“Karl-Heinz Schmiel was one of the first German designers that I started seriously following. Die Macher was my all-time favorite board game until my friend Ryan and I discovered a strongly favored strategy. Don’t worry if you haven’t figured it out yet as it took us over two dozen games to do so and, the new version of the game might address the issue anyway but I’m not sure. Both A la Cart and Tyranno Ex are great games of his and I consider Attilla to be an underappreciated title as well. I’m still amazed that to this day neither Was Sticht? or Extrablatt have received a US release.” – – – Nick Sauer

 


7. Sid Sackson

 

sidsacksonphoto“No mention of American designers would be complete without mentioning Sid Sackson, whom I personally knew at the pinnacle of his career. His best known efforts are probably Acquire and I’m The Boss!.” – – – – Alan Newman

“So many games that still stand up, as demonstrated by their re-releases.” – – – Paul Sauberer

“Although Acquire is probably Sid’s best known design, the game carries a 1962 copyright so Sid could not be considered for ranking in our poll based on that masterpiece. In truth, many of Sid’s games were released prior to the time span covered in our survey too. The fact that Sid Sackson still ranked so high in our poll despite these constrictions is a tribute to such, later, great designs such as I’m the Boss! which still makes it onto our gaming tables on a regular basis.” – – – – – – -Herb Levy

 


6. Uwe Rosenberg

 

uwerosenberg“The extraordinary thing about Rosenberg is that he’s had two independent stretches where he’s been a world-class designer. From 1997-2001, he created very popular and highly innovative card games, all of them around 45 minutes or so. Than, beginning in 2007, he switched to heavy and demanding boardgames, most of them utilizing worker placement and themed around the harvesting of crops, and his popularity soared even higher. He might even be entering a third phase, as his most recent successes have all been 2-player games. I love titles from all three periods, headed by Ora et Labora, Babel, Caverna, Schnäppchen-Jagd (aka Bargain Hunter), Agricola, Bohnanza, and Patchwork.” – – – – Larry Levy

“I think I own all of the Agricola stuff I could get my hands on.” – – – Paul Sauberer

“The designer of another of my top ten games, Agricola, is Uwe Rosenberg. Okay, a lot of his output is expansions, but he’s come up with some cracking games from Bohnanza onwards. Not as prolific as some, but Uwe Rosenberg has designed a selection of fine games and I look forward to seeing what he does next.”- – – – – – Pevans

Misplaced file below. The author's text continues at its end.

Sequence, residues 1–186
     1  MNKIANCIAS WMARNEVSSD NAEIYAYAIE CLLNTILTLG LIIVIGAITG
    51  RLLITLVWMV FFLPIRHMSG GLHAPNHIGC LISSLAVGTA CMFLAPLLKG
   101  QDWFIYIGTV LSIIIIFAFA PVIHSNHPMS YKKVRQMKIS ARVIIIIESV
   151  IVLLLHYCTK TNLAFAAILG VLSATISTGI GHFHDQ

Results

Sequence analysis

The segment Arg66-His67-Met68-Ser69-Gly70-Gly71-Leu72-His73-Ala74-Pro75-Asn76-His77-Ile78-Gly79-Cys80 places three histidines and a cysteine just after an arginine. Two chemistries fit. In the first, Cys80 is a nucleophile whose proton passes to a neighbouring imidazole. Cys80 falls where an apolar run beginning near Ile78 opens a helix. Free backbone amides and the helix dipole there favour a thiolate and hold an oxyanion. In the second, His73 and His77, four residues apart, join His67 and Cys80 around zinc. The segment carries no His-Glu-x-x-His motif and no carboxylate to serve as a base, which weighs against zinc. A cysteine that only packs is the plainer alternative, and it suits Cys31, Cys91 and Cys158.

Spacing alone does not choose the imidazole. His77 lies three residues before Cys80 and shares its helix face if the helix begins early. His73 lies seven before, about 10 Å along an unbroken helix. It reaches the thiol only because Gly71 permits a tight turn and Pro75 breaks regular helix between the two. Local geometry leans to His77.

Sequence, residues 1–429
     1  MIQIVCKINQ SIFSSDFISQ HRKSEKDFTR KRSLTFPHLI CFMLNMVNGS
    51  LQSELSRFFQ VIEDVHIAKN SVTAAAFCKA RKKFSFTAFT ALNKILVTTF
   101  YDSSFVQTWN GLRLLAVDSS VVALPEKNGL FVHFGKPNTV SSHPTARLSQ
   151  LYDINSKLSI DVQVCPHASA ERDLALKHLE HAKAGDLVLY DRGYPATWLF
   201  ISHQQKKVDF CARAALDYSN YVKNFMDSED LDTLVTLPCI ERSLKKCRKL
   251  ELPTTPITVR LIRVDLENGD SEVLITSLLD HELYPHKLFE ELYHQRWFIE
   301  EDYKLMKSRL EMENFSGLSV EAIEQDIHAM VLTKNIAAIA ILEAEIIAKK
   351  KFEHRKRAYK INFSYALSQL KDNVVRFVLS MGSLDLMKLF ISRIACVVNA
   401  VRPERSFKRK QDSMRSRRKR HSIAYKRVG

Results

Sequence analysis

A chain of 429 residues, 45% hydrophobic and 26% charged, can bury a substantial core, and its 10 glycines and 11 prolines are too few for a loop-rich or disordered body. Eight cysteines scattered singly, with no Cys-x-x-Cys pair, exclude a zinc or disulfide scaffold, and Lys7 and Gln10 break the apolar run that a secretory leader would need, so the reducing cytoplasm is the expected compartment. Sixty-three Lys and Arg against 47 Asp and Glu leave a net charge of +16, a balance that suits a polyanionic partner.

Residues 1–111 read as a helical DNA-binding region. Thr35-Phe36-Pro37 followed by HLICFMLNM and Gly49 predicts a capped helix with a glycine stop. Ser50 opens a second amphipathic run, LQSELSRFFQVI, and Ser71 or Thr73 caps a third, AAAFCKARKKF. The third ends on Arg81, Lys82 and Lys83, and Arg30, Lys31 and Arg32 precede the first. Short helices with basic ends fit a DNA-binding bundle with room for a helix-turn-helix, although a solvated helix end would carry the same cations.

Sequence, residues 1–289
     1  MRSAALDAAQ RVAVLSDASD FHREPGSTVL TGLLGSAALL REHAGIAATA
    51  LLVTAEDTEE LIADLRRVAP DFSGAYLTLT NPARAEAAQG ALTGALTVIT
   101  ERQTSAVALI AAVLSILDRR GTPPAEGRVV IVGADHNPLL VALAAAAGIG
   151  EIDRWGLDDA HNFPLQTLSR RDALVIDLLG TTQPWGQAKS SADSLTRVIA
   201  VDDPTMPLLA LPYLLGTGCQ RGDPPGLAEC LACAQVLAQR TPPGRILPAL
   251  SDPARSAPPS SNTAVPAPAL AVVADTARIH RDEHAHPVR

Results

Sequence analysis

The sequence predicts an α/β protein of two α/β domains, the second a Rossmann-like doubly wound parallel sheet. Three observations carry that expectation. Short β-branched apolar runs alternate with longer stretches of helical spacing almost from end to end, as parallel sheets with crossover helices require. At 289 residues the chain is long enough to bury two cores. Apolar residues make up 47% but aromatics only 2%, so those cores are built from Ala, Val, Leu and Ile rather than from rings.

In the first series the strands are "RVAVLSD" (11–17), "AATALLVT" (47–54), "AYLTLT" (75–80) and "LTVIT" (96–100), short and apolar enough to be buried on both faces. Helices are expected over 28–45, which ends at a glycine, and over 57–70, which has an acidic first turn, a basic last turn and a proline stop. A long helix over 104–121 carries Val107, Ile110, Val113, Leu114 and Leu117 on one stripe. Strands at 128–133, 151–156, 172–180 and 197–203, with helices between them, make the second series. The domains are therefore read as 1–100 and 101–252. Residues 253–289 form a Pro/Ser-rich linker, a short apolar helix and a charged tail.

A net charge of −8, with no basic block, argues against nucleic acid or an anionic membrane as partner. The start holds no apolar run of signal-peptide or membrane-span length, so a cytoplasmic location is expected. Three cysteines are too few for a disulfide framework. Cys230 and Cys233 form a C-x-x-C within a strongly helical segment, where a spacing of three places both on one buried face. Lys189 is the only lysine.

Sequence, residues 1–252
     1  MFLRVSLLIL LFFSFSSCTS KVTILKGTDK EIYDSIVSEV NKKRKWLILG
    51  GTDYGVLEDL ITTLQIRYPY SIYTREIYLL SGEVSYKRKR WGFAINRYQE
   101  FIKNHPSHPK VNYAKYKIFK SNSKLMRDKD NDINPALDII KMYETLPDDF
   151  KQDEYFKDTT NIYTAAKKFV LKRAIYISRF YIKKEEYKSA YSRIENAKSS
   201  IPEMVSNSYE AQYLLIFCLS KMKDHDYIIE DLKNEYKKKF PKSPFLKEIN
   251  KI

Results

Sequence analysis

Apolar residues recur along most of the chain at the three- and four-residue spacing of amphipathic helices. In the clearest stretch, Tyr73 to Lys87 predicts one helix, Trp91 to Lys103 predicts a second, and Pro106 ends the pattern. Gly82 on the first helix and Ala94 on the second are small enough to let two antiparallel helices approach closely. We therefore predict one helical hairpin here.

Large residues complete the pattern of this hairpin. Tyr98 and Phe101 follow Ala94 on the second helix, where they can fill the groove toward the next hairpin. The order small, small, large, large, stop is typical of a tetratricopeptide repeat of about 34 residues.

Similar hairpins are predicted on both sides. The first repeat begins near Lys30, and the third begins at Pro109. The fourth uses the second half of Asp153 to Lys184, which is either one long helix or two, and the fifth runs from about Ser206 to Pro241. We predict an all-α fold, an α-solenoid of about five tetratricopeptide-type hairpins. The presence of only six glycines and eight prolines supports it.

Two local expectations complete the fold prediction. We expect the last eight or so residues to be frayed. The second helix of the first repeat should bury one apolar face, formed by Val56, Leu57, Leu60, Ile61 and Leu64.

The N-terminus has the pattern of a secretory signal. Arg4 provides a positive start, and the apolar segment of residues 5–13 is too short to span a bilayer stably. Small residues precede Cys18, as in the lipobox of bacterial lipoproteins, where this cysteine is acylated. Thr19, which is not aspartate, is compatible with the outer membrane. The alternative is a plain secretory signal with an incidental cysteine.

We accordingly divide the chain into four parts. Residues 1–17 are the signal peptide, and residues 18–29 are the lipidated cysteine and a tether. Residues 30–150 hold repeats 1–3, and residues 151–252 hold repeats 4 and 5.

5. Martin Wallace

 

martinwallace“Steam, Age of Industry and London to name a few. A man who can take a theme then make a game which highlights the theme.” – – – – Chris Kovac

“Wallace is the master of combining highly thematic elements and great game mechanisms. For me, he has done the best job of synthesizing the best of the German and American schools of game design. His earlier games were too high luck for my tastes, but he really hit his stride about 10 years ago and his output from 2008 to 2011 was remarkable. His more recent stuff hasn’t been to my tastes, but I’m hoping for a big comeback with Ships, which will debut around Essen. In the meantime, I’ll be enjoying such games as Automobile, Age of Steam, Brass/Age of Industry, Steel Driver, London, Tinners’ Trail, and Pampas Railroads.” – – Larry Levy

“For the volume (the BGG list of games designed by Martin goes on for nine pages), quality and variety of his games. I still remember the excitement of playing the first, monochrome edition of Lords of Creation and the thrill of the Lancashire Railways prototype a few years later. I can’t think of a Martin Wallace game I don’t like (if there is one, I’ve blotted it from my memory) – and I include the unfairly-maligned Stockers in this. Martin has two games in my top ten, the two that I consider his masterworks: Age of Steam and Struggle of Empires. Most of all, I remain eager to see the next Martin Wallace game.” – – – Pevans

 


4. Klaus Teuber

klausteuber“Settlers of Catan and all that implies”. – – – – Chris Kovac

“The Settlers of Catan is no longer my favorite game, but it was for a long time. Although Teuber hasn’t produced nearly as many other unique games as other designers, he has been remarkably creative in adapting the basic Catan system to other situations, making them different enough to be interesting but similar enough to be easy to pick up. Just creating Catan, however, would be enough to get him on this list. It has done more for our hobby than any other game except Magic, the Gathering.” – – – – Derek Croxton